This document defines the Real-time Transport Protocol (RTP) This document defines the Real-time Transport Protocol (RTP)
[RFC3550] payload format for packetization of Opus encoded speech and [RFC3550] payload format for packetization of Opus encoded speech and
audio data necessary to integrate Opus in the most compatible way. audio data necessary to integrate Opus in the most compatible way.
Further, it describes media type registrations for the RTP payload It also provides an applicability statement for the use of Opus over
format. RTP. Further, it describes media type registrations for the RTP
payload format.
2. Conventions, Definitions and Acronyms used in this document 2. Conventions, Definitions and Acronyms used in this document
The key words "MUST", "MUST NOT", "REQUIRED", "SHALL", "SHALL NOT", The key words "MUST", "MUST NOT", "REQUIRED", "SHALL", "SHALL NOT",
"SHOULD", "SHOULD NOT", "RECOMMENDED", "MAY", and "OPTIONAL" in this "SHOULD", "SHOULD NOT", "RECOMMENDED", "MAY", and "OPTIONAL" in this
document are to be interpreted as described in [RFC2119]. document are to be interpreted as described in [RFC2119].
audio bandwidth: The range of audio frequecies being coded audio bandwidth: The range of audio frequecies being coded
CBR: Constant bitrate CBR: Constant bitrate
CPU: Central Processing Unit CPU: Central Processing Unit
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different modes can be chosen, a voice mode or an audio mode, to different modes can be chosen, a voice mode or an audio mode, to
allow the most efficient coding depending on the type of the input allow the most efficient coding depending on the type of the input
signal, the sampling frequency of the input signal, and the intended signal, the sampling frequency of the input signal, and the intended
application. application.
The voice mode allows efficient encoding of voice signals at lower The voice mode allows efficient encoding of voice signals at lower
bit rates while the audio mode is optimized for general audio signals bit rates while the audio mode is optimized for general audio signals
at medium and higher bitrates. at medium and higher bitrates.
Opus is highly scalable in terms of audio bandwidth, bitrate, and Opus is highly scalable in terms of audio bandwidth, bitrate, and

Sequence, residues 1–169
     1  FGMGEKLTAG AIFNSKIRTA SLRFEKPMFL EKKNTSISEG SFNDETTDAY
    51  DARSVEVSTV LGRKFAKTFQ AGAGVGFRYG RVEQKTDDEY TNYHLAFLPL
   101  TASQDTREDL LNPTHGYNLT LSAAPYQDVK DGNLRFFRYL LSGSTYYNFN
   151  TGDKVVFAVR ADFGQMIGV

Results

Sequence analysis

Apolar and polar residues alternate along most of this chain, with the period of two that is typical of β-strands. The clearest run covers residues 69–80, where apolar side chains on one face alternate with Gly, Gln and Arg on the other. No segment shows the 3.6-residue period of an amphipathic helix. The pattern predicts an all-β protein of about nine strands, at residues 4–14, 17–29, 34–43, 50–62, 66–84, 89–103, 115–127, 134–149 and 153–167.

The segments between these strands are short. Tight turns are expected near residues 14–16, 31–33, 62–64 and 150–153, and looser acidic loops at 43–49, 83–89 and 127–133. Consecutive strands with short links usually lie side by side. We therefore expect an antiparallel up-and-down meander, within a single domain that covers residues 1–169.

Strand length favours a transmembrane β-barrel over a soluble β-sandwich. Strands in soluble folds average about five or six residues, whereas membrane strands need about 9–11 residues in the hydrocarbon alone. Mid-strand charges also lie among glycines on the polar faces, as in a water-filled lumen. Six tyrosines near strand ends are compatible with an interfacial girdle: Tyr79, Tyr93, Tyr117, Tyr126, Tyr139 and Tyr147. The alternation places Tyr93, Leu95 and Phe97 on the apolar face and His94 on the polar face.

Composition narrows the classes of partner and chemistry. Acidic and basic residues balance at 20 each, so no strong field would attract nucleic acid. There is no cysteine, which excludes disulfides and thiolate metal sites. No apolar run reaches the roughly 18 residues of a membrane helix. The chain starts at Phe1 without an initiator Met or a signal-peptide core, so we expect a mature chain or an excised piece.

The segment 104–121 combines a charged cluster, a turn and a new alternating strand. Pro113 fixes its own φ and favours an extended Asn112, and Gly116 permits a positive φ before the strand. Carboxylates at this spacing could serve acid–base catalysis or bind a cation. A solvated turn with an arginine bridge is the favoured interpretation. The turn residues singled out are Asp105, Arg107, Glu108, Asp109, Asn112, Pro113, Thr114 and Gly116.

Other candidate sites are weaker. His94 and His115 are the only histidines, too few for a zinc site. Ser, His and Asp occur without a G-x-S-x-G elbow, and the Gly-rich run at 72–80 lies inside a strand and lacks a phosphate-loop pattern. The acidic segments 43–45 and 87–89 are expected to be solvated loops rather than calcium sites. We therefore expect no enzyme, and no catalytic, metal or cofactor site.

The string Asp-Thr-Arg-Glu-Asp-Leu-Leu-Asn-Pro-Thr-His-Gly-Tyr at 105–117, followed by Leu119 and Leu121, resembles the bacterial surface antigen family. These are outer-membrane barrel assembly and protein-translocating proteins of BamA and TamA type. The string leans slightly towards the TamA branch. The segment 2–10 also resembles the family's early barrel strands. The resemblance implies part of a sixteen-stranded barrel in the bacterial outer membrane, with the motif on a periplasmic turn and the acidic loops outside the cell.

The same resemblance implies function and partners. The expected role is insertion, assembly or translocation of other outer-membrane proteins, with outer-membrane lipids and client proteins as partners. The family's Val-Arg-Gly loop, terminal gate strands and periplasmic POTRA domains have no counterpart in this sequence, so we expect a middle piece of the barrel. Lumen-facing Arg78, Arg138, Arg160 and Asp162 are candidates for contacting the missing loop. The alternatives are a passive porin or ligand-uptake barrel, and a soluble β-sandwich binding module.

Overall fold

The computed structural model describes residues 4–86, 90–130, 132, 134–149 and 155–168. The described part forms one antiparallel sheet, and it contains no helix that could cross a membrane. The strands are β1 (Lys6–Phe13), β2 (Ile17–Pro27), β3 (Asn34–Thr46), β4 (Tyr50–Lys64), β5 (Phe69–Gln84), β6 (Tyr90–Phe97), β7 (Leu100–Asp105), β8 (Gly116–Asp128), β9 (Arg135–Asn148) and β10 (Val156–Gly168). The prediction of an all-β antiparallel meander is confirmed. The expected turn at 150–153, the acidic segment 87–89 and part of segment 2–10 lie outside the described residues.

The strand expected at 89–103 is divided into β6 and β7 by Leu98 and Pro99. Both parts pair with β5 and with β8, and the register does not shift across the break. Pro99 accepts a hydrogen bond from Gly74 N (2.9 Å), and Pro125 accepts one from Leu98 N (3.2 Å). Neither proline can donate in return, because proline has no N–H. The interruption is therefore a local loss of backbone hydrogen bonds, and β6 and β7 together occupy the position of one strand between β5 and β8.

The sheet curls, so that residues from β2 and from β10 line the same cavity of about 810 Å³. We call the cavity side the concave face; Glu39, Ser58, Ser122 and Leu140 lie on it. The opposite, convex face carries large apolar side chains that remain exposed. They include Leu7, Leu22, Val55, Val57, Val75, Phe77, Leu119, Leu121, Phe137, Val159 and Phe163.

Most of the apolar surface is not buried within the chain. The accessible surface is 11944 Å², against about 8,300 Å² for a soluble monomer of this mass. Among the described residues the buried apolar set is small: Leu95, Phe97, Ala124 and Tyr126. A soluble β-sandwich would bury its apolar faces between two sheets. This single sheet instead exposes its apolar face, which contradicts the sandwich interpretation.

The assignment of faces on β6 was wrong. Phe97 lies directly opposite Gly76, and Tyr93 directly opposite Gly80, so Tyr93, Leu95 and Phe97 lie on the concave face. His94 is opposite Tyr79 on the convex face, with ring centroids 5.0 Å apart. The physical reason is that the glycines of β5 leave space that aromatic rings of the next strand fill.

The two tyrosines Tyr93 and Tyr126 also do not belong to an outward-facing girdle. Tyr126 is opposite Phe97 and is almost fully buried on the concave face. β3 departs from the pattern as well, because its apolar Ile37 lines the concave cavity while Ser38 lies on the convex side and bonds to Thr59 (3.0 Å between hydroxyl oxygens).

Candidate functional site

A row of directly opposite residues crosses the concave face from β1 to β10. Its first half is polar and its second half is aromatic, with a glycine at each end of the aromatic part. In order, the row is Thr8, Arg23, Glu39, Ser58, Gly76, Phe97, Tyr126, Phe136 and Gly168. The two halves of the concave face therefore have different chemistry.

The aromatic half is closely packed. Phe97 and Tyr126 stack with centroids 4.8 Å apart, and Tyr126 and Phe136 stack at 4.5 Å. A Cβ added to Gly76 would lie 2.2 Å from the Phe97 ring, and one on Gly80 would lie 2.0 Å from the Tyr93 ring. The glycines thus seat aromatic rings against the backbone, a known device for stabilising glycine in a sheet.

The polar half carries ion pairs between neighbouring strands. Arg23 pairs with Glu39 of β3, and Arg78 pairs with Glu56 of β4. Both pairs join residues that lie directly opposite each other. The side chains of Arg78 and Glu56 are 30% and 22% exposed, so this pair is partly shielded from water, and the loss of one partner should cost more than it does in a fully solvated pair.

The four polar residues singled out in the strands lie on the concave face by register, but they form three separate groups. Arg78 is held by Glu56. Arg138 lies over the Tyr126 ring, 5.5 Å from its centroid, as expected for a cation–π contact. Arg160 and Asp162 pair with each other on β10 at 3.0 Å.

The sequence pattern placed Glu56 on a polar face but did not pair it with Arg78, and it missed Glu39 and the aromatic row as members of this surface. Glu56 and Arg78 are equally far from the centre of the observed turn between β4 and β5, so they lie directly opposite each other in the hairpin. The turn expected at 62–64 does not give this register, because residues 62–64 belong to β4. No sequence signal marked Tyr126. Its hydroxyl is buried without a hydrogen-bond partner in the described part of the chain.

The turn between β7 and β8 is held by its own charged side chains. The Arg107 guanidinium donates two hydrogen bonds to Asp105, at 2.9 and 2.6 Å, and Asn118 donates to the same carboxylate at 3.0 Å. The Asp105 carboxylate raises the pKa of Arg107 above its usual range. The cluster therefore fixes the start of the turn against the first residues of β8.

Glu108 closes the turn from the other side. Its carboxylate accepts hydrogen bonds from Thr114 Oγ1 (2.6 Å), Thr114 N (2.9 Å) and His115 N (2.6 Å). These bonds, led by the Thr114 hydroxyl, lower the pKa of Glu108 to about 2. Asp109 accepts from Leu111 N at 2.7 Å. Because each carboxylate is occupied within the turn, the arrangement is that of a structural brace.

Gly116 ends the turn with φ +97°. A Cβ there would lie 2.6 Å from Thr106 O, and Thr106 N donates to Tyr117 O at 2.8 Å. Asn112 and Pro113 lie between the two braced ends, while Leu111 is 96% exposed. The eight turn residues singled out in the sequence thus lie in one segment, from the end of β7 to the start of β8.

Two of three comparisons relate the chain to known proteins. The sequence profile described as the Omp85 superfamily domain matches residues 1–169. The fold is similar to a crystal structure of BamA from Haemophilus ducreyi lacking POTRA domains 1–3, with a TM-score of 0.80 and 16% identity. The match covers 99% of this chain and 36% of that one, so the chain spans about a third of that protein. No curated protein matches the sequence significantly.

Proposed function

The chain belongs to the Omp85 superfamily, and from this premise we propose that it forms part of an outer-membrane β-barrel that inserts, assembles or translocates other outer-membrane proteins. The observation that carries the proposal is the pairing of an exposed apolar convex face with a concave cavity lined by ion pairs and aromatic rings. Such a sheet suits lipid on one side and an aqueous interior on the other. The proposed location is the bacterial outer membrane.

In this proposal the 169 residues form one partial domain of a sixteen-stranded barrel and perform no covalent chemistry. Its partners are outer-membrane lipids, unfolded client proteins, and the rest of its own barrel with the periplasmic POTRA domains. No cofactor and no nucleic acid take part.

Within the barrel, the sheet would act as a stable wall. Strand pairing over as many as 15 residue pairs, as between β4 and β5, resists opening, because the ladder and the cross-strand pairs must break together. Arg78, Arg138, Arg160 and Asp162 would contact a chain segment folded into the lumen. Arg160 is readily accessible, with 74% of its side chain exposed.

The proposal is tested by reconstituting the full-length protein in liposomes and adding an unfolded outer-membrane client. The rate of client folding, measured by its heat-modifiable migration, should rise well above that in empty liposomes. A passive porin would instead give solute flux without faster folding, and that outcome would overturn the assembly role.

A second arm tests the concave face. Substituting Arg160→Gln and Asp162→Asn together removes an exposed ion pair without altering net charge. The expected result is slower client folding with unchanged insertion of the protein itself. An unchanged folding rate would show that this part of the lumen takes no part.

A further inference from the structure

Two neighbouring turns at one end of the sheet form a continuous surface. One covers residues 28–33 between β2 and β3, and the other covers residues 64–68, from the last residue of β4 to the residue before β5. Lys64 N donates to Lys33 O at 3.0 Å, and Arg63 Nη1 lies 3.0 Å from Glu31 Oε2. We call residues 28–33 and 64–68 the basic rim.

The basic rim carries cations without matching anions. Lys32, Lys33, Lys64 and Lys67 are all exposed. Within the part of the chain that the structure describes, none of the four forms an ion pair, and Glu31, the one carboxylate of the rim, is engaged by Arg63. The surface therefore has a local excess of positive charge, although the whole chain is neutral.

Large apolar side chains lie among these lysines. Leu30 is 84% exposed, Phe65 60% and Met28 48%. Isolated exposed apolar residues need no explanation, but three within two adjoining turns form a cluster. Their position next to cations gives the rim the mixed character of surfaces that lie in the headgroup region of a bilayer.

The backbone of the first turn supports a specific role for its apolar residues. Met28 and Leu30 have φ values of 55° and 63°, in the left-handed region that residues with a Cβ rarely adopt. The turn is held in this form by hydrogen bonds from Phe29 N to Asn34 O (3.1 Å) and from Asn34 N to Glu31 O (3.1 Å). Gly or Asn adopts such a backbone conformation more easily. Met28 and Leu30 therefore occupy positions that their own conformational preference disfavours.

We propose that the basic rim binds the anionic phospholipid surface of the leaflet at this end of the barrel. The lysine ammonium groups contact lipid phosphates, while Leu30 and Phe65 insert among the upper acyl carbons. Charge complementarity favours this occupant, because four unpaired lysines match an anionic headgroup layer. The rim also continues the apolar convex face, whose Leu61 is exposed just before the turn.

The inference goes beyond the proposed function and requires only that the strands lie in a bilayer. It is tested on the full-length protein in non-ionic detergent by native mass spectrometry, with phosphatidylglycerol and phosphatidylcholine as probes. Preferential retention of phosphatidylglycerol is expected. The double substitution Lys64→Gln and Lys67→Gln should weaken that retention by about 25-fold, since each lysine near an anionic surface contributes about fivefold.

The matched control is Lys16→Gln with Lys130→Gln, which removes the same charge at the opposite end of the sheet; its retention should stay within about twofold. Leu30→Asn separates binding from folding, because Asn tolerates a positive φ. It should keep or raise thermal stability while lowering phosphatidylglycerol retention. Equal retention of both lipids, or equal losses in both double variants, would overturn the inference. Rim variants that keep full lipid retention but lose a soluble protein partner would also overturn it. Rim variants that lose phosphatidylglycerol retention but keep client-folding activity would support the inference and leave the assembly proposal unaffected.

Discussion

complexity. Further, Opus allows transmitting stereo signals. complexity. Further, Opus allows transmitting stereo signals with
in-band signaling in the bit-stream.
3.1. Network Bandwidth 3.1. Network Bandwidth
Opus supports bitrates from 6 kb/s to 510 kb/s. The bitrate can be Opus supports bitrates from 6 kb/s to 510 kb/s. The bitrate can be
changed dynamically within that range. All other parameters being changed dynamically within that range. All other parameters being
equal, higher bitrates result in higher audio quality. equal, higher bitrates result in higher audio quality.
3.1.1. Recommended Bitrate 3.1.1. Recommended Bitrate
For a frame size of 20 ms, these are the bitrate "sweet spots" for For a frame size of 20 ms, these are the bitrate "sweet spots" for
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comfort noise signal to replace the non transmitted parts of the comfort noise signal to replace the non transmitted parts of the
speech or audio signal. Use of [RFC3389] Comfort Noise (CN) with speech or audio signal. Use of [RFC3389] Comfort Noise (CN) with
Opus is discouraged. The transmitter MUST drop whole frames only, Opus is discouraged. The transmitter MUST drop whole frames only,
based on the size of the last transmitted frame, to ensure successive based on the size of the last transmitted frame, to ensure successive
RTP timestamps differ by a multiple of 120 and to allow the receiver RTP timestamps differ by a multiple of 120 and to allow the receiver
to use whole frames for concealment. to use whole frames for concealment.
DTX can be used with both variable and constant bitrate. It will DTX can be used with both variable and constant bitrate. It will
have a slightly lower speech or audio quality than continuous have a slightly lower speech or audio quality than continuous
transmission. Therefore, using continuous transmission is transmission. Therefore, using continuous transmission is
RECOMMENDED unless restraints on available network bandwidth are RECOMMENDED unless constraints on available network bandwidth are
severe. severe.
3.2. Complexity 3.2. Complexity
Complexity of the encoder can be scaled to optimize for CPU resources Complexity of the encoder can be scaled to optimize for CPU resources
in real-time, mostly as a trade-off between audio quality and in real-time, mostly as a trade-off between audio quality and
bitrate. Also, different modes of Opus have different complexity. bitrate. Also, different modes of Opus have different complexity.
3.3. Forward Error Correction (FEC) 3.3. Forward Error Correction (FEC)
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Any compliant Opus decoder is capable of ignoring FEC information Any compliant Opus decoder is capable of ignoring FEC information
when it is not needed, so encoding with FEC cannot cause when it is not needed, so encoding with FEC cannot cause